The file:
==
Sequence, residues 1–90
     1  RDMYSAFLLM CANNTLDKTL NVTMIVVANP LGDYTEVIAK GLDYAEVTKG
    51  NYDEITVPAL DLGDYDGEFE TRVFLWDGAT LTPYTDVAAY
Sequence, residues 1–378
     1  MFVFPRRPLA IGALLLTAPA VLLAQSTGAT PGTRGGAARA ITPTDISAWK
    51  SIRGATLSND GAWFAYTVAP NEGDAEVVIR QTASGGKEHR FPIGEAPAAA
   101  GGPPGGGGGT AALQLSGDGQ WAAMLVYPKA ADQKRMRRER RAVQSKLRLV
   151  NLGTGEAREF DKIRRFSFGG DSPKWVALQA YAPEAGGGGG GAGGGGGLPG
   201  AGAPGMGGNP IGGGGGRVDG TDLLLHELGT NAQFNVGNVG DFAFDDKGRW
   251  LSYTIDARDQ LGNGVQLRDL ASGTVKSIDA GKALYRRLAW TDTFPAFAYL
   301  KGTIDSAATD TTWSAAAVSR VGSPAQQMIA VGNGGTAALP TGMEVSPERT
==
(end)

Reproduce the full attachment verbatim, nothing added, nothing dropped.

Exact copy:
Sequence, residues 1–90
     1  RDMYSAFLLM CANNTLDKTL NVTMIVVANP LGDYTEVIAK GLDYAEVTKG
    51  NYDEITVPAL DLGDYDGEFE TRVFLWDGAT LTPYTDVAAY
Sequence, residues 1–378
     1  MFVFPRRPLA IGALLLTAPA VLLAQSTGAT PGTRGGAARA ITPTDISAWK
    51  SIRGATLSND GAWFAYTVAP NEGDAEVVIR QTASGGKEHR FPIGEAPAAA
   101  GGPPGGGGGT AALQLSGDGQ WAAMLVYPKA ADQKRMRRER RAVQSKLRLV
   151  NLGTGEAREF DKIRRFSFGG DSPKWVALQA YAPEAGGGGG GAGGGGGLPG
   201  AGAPGMGGNP IGGGGGRVDG TDLLLHELGT NAQFNVGNVG DFAFDDKGRW
   251  LSYTIDARDQ LGNGVQLRDL ASGTVKSIDA GKALYRRLAW TDTFPAFAYL
   301  KGTIDSAATD TTWSAAAVSR VGSPAQQMIA VGNGGTAALP TGMEVSPERT